Journey Review


The long and winding road…

After the well-received releases of flOw and Flower, thatgamecompany return to the digital download arena the with the intriguing title Journey. Does it live up to the success of the unique titles before it, and is it a voyage worth taking? Read on to find out.

Game: Journey
Developer: thatgamecompany
Publisher: Sony Computer Entertainment
Reviewed on: Playstation 3

This review of Journey contains no spoilers.


Journey begins with your robed character waking in a desert that stretches as far as the eye can see. With nothing but a silhouette on the horizon to aim for, you stand and begin to carve your way through the shimmering landscape towards the vision in the distance. As you struggle up the steep dune, fighting through the waves of sand, a mountain appears in the distance and your Journey begins.


Whether it’s the deep earthy oranges or sun bleached white stone, Journey’s colour palette makes it one of the most visually striking titles around. The seamless blend of simple textures with more complex rendering creates a rich and diverse world to travel in, complete with architecture that feels historical without ever appearing familiar.

Sand and dust behave with startling realism, and whether you’re sliding down a steep dune or being caught in the midst of a violent sand storm, the visual impact and behaviour of these particles is truly mesmerising. Combined with the elegant lighting that drives Journey’s mood expertly, you have one of the most enchanting visual experiences seen on any console to date.

Journey does offer a lot more than its synonymous desert setting, but the surprise and beauty of what comes later is something I wouldn’t dream of spoiling for anyone.


There isn’t a single word uttered throughout Journey, but its haunting audio captures the ambiguous nature of its environments perfectly. There’s more to it than just a slow and peaceful score. Journey also builds tension and drama quickly through its excellent sound design with stunning results.  The most powerful moments come when there’s not a pin-drop to be heard, and it’s this depth in Journey’s audio which goes beyond the boundaries of genius on more than one occasion.


Journey makes wonderful use of the Sixaxis to control camera movement, matching up to the fluidity of the studio’s previous titles. Beyond that, Journey is simply a two button game with cross, circle and the left analogue stick used for manoeuvring your character.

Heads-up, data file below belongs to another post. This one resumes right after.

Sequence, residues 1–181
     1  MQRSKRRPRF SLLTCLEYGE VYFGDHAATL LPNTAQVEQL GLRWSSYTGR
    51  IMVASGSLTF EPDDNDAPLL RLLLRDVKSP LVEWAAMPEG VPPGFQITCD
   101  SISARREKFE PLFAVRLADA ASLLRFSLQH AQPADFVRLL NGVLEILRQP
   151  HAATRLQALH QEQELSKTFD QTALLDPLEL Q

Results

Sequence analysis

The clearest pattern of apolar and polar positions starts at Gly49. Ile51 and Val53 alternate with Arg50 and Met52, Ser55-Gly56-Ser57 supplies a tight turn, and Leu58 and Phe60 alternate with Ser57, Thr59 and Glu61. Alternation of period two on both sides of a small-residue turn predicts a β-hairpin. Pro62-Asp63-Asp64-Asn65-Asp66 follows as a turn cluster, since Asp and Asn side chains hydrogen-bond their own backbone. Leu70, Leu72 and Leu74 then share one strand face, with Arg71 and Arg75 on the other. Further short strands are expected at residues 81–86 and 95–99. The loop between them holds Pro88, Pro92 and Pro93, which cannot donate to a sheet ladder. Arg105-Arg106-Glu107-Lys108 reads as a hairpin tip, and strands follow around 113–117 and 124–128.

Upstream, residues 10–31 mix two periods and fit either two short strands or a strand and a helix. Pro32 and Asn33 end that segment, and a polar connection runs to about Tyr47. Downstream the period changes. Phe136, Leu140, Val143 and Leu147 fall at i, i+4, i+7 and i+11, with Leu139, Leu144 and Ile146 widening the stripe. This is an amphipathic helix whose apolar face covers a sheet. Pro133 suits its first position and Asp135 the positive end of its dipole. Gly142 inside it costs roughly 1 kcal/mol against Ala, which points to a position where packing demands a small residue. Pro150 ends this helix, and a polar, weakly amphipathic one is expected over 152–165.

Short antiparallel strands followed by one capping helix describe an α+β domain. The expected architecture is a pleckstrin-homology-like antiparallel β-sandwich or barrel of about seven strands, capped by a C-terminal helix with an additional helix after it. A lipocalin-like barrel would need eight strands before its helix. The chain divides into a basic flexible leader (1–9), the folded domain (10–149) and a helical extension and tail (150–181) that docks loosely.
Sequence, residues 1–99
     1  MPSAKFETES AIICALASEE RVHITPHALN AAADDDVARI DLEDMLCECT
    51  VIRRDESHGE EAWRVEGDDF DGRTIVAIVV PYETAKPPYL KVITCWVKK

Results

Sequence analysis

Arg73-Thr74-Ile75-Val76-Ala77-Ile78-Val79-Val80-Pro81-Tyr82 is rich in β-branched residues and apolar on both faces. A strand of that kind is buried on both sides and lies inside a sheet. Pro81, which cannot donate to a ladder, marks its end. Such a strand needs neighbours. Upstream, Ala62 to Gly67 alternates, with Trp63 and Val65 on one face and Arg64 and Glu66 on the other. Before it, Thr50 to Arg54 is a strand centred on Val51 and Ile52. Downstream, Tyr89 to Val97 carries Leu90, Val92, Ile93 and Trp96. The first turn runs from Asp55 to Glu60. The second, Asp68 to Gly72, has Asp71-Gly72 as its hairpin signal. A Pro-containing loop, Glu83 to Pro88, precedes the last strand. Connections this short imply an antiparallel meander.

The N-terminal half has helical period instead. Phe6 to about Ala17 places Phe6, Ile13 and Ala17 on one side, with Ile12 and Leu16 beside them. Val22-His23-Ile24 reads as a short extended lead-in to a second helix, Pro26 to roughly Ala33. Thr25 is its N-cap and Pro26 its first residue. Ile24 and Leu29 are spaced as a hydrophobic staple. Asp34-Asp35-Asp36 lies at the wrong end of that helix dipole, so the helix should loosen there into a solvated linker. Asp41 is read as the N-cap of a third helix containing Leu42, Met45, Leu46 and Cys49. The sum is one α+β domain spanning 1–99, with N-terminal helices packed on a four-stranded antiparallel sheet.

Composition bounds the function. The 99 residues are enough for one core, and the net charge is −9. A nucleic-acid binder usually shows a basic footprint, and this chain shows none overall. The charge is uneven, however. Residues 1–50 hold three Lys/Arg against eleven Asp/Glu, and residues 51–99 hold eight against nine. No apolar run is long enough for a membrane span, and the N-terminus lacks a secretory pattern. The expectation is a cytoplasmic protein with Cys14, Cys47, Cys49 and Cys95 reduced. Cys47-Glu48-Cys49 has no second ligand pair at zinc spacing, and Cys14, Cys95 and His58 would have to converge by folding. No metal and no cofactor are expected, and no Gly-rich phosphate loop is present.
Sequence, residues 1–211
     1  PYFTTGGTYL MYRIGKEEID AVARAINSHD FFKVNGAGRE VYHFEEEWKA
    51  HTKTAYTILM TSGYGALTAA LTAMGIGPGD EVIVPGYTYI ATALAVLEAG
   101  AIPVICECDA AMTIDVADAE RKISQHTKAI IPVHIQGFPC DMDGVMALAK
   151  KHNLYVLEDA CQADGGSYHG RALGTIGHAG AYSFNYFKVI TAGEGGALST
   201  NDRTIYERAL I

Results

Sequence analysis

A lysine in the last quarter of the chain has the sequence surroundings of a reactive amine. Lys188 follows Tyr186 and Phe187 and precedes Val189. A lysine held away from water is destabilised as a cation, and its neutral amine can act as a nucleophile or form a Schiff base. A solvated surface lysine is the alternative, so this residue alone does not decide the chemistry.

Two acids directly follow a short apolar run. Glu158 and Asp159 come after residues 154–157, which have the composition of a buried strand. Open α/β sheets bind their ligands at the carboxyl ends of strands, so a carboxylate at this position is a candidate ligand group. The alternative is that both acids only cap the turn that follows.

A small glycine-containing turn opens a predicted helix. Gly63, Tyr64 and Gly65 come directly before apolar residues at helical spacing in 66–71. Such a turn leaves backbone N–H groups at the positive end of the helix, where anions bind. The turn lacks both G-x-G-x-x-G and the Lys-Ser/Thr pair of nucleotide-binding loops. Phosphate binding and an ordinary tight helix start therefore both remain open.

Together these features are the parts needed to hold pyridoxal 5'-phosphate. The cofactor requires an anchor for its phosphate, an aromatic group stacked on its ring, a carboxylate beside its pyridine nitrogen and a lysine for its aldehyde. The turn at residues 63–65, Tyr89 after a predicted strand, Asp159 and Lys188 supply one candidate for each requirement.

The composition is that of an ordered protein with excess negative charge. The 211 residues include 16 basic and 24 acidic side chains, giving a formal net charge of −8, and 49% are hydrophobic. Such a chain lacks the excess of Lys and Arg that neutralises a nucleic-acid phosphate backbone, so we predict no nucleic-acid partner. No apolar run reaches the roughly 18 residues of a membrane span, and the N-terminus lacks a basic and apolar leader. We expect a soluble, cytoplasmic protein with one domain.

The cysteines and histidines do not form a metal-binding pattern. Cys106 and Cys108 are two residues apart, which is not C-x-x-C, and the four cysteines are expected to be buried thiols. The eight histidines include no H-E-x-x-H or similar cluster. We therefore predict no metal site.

Walking and sliding through sand will keep your character moving, but once in contact with ornate cloth your character is able to fly, soaring effortlessly across the landscape. The charge the cloth provides degenerates over time, which means you’ll need to link your airborne moves with other areas of cloth strategically placed throughout the game.

There are also unique glowing symbols to find which make your character’s scarf slightly longer each time you collect one. The longer your scarf is, the more charge your character can hold, allowing you to fly higher and for longer. This mechanic forms the basis of the entire game and you’ll need to use it wisely to solve the games many puzzles that ultimately advance your journey.

Many of Journey’s chapters are based on problem solving, but there are some interesting twists on the formula which involve fast paced action and intelligent use of camera movement. Only a few of Journey’s chapters will see you facing genuine peril, but the fear these moments invoke, provide a stern reminder of your vulnerability.

The gameplay is ambiguous in the extreme and much of Journey’s mysteries will only reveal themselves to you in time, but it’s the fluidity of motion which is the real joy, and the simplicity of control only amplifies the game’s beauty rather than detracting from it.


If there is one concern, then it’s Journey’s overall length. From start to finish, the game will take you around three hours to finish, but you’ll want to play through it again to try and unearth the many secrets that unwittingly passed you by. However, whether you should play Journey again is debatable, as its spine tingling glory is felt strongest in your first playthrough. If played again, that feeling might be ever so slightly tainted.


Journey will stir emotions in you that most other games would only dream of. Heavy Rain is the best comparison, but even such esteemed company doesn’t do justice to the masterpiece that is Journey. It’s completely encapsulating from the first second to the last, and it’s without doubt one of the most genuinely beautiful games you’ll have the pleasure of playing.

Whether the rumoured price point ($15.99) is too high for the content on offer is a minor bone of contention, but every once in a while a game comes along that changes everything, and Journey is that game. You’d be a fool not to play it and who knows, you might just meet other curious travellers along the way.


Journey will be available on the Sony Entertainment Network on March 13th in North America and March 14th in Europe.

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